SR - whose interests in "oil, arms and minerals"? Do you really think that there is a cabal behind those politicians conducting foreign policy in every American and British government of the past few decades (irrespective of governing party) that coerces those politicians (and the political rivals who will shortly replace them from time-to-time after elections) to support the cabal's nefarious business activities in the Middle East? Does that seem even remotely plausible?

Or could a simpler explanation be that ruling politicians in the US and the UK see and understand that maintenance of the free flow of oil out of the Persian Gulf is critical to the health of the global economy and that the adverse economic consequences of any interruptions to it would be so devastating that even the slightest prospect of it cannot be tolerated? And the risk that such flow would be interrupted should the US projection of power into that part of the world cease is incredibly high and very real. E.g. if the US were no longer there: a resurgent Shia Iraq invades the oil rich Eastern Province in Saudi Arabia to "liberate" its oppressed Shia co-religionists; or the Saudis and Iran have military clashes in the Gulf over the fate of the oppressed Shia in Bahrain; or the predominantly Shia population of the Eastern Province of Saudi Arabia rises against their Sunni oppressors, shutting down the largest and most productive oil field in the world, and so on and so forth - all such conflicts leading to shut down of the flow of oil. And if the US completely withdrew, do you think other powers who are even more dependent on the free flow of oil out of the gulf would stand idly by? How long before the Chinese navy seeks to enter the gulf to reopen the shipping lines?
While there are large reserves of oil spread throughout the world, the fact remains that the greatest and most easily accessible oil reserves and the bulk of oil production capacity is centred on the Persian Gulf. This fact is fundamental to global energy markets and, consequently, the price of transportation in every corner of the world. Allowing any power (within the region or without) the ability to shut down or slow the flow of oil out of the Persian Gulf would send a shock wave through the global economy. We saw more than a hint of this during the Arab oil boycott in late 1973 and then again during the Iranian revolution of 1979. Saddam Hussein's invasion of Kuwait in 1990 and his attempted invasion of the Saudi Eastern Province during the First Gulf War also give you a real insight into what could have happened but for the United States’ willingness to project power.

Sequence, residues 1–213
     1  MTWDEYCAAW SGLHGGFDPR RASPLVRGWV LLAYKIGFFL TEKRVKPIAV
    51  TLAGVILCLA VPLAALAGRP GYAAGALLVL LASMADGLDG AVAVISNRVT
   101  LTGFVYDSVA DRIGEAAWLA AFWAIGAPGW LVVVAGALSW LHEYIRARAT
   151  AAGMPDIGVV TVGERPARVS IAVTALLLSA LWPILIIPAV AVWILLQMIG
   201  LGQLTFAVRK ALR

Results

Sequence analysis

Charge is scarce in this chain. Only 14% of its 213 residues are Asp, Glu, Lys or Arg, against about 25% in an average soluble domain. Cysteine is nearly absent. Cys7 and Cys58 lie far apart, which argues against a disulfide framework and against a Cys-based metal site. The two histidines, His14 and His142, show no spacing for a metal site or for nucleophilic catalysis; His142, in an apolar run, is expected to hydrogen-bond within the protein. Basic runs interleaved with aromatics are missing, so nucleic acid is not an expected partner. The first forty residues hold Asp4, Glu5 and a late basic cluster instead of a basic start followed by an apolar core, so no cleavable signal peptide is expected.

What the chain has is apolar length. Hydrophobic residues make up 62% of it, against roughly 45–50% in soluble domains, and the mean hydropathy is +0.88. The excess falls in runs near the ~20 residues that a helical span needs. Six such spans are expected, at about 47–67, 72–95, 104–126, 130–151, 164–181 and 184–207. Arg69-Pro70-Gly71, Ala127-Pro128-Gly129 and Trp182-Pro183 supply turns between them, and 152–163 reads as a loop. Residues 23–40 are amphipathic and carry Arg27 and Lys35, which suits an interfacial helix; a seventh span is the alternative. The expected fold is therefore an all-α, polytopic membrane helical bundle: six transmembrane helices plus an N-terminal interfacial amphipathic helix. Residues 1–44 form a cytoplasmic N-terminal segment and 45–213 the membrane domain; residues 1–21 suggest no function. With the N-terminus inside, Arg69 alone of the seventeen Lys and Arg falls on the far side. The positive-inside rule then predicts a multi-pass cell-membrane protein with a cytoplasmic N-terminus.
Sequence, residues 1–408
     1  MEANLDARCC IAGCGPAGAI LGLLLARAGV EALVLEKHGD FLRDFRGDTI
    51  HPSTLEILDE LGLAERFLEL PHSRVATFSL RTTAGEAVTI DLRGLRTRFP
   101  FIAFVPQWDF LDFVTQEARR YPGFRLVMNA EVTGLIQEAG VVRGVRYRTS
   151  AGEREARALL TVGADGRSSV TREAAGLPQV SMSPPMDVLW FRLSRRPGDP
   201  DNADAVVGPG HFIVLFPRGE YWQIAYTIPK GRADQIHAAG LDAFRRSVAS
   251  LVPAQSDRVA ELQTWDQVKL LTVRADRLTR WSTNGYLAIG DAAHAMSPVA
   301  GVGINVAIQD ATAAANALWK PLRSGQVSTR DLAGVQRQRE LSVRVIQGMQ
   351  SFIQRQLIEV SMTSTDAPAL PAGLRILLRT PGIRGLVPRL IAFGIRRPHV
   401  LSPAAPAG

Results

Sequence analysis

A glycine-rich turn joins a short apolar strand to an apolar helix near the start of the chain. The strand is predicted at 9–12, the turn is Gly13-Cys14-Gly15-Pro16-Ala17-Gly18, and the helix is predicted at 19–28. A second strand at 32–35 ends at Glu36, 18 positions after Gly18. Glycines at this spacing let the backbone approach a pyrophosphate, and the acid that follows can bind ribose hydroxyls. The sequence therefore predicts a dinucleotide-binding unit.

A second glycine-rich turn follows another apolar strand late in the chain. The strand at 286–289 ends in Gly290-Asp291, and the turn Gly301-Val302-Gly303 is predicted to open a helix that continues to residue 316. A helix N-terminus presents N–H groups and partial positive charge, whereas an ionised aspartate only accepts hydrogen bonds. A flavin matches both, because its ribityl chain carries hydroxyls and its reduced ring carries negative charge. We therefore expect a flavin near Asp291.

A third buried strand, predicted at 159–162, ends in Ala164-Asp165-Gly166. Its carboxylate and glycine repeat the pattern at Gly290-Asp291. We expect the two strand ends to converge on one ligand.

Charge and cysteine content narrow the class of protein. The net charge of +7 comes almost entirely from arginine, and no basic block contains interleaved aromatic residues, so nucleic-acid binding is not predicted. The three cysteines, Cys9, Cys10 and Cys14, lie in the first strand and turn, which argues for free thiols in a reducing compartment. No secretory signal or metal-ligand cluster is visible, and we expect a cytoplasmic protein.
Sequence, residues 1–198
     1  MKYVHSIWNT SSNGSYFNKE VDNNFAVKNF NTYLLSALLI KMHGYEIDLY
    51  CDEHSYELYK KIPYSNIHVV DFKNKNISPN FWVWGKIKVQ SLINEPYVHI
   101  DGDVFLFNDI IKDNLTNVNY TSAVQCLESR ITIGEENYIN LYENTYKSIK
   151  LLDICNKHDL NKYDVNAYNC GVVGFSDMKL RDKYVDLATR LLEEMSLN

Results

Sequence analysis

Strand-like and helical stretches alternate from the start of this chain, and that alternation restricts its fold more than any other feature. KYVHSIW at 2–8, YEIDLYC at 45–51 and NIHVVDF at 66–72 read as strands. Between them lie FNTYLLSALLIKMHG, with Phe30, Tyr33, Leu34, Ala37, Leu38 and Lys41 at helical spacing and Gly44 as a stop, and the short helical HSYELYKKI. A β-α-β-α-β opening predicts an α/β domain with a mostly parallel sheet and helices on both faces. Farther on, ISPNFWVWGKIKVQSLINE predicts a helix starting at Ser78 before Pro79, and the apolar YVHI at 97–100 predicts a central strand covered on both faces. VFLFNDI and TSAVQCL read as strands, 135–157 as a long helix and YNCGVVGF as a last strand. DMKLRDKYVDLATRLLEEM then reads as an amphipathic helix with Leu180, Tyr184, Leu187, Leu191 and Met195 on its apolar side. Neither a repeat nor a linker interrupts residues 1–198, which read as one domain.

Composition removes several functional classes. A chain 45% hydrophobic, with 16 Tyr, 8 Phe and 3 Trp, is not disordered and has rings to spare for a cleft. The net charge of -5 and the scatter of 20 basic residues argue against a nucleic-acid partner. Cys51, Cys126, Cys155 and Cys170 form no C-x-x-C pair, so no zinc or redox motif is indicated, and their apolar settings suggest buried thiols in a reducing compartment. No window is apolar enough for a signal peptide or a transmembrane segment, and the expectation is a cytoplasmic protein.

So yes, we all have an interest in the continuing projection of US military power into the Middle East from Afghanistan or anywhere else. Maintaining this presence is not a matter of protecting the narrow interests of politicians or supposed related oil, arms or mining interests - protecting the commercial interests of some nasty arms traders or greedy oil executives. It is to protect our very way of life. We might not like the fact we are so dependent on an open Persian Gulf. We might think that we should do something to stop this state of affairs. But we have to face the economic reality that even now there is no economic alternative to this energy and until an economic alternative is developed we are stuck with the geopolitical consequence of that oil and the countries under which it lies. And given this reality, I for one am truly glad that we have benign, democratic, electorally accountable powers, who are subject to the rule of law and have (largely) free markets projecting their power into this critical and troubled region. This 'projection' has been very far from perfect (e.g. invasion of Iraq) and the fact it is needed at all is rightly distasteful in our post-colonial world, but unless we want to undergo a massive decline in our standard of living, it needs to remain.

hatfield girl said...

Italy's not leaving Afghanistan either. Prime Minister Monti signed a fresh agreement with the Afghan President in January.

Yes, there are troops leaving etc., etc., in 2013 and 2014 (as announced all over). No, that doesn't mean that the Herat Italian sectors will be given over to Afghanis of whatever culture or allegiance because the 'training' programme, the development and assistance programme will roll on.

I wonder if really what is being organised is a complete revamp of the command structures of the First World presence in Afghanistan.

subrosa said...

Anthony, sometimes the truth is stranger than fiction and yes, it wouldn't surprise me in the least there is some form of cabal behind the US/UK involvement in the middle east.

Of course the oil is important because the US is determined Russia won't take control of it and that's well recorded. Also well documented is the fact that the UK troops first job was to place the pipeline.They did, at some considerable expense to lives.

You're right about a Shia Iraq - but that is of the US's making as well all know.

Regardless of middle eastern oil I think our standard of living will decline in the future. The cost of renewable energy will be too much for many and therefore only the wealthier will survive. But that's another story.

Thank you for your excellent contribution.

subrosa said...

Hatfield girl, I remember that and have a note of it somewhere. Thanks for reminding me.

I'm not sure what is being organised but there's certainly something being planned.

Crinkly & Ragged Arsed Philosophers said...

Consider this Karzia and his warlords get more money in direct aid every year than Scotland gets from Westminster.

And no, that doesn't include the costs of the troops and the war machine.

subrosa said...

Strangely enough Crinkly, I did think that after I'd published the post. Thanks for mentioning it.